Be like Mike. No, the other Mike.

With not much to do on weekends or evenings while locked down–at least until the other day, when the Wisconsin Supreme Court ruled that Governor Tony Evers had overstepped his authority by extending “Safer at Home” to May 26–my wife and I have been doing what a lot of other Wisconsinites have been doing: watching way too much TV.

I should note here that Sue is a gardener, and a rather dedicated one at that, so since the last of our snow finally disappeared in mid-April, she has been spending a lot of time outdoors, tending to her nine gardens. In fact, you can see one right here, thanks to a video we shot Friday: Sue’s spring garden tour.

Like everybody, our TV watching is selective. Even when you think you’re just an aimless channel-surfer who will watch anything, you’re really not. Everybody has some standards. As for us, the vast majority of movies and series that are available hold no interest. For the record, we subscribe to DirecTV (the only way we could get TV out here when we moved in, back in the service’s very early days of 1994) and also two streaming services: Netflix and CBS All Access. We also have an account with Vudu, which I got just to see if it was true that I could watch episodes of the classic 1950s series Father Knows Best (it’s true). Once a year we will open an Amazon Prime account for a month, just to binge-watch the espionage series Jack Ryan. The CBS service comes and goes depending on when its new Star Trek series are available. We recently finished the excellent first season of Picard, and we’re waiting on Season 3 of Discovery. And, I’m planning another annual dip into the premium-channel waters, getting my usual June fix of the latest seasons of Outlander, Warrior and Strike Back with a short subscription to the Cinemax and Starz channels. And oh, did I mention that YouTube Premium will soon offer the third season of Cobra Kai?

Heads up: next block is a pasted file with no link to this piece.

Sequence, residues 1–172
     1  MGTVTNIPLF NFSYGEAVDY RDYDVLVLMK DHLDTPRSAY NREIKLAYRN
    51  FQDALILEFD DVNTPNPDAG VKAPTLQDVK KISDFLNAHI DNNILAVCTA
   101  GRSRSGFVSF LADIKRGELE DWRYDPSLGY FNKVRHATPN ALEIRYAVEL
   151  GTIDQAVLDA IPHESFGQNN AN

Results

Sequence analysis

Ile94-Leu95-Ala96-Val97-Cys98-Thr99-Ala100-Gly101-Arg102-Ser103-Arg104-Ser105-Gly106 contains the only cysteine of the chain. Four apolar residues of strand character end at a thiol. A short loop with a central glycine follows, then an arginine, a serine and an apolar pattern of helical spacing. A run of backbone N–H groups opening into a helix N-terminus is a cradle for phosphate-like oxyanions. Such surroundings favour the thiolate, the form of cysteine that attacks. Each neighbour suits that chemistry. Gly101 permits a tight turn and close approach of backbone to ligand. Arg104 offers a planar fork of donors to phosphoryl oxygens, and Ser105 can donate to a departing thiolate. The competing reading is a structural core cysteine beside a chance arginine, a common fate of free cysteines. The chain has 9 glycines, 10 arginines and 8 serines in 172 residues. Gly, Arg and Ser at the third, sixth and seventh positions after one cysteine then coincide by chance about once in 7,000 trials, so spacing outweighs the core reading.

Perhaps I misspoke, as the politicians always say when they’re caught in a fib, about not finding much of interest on TV. Anyway…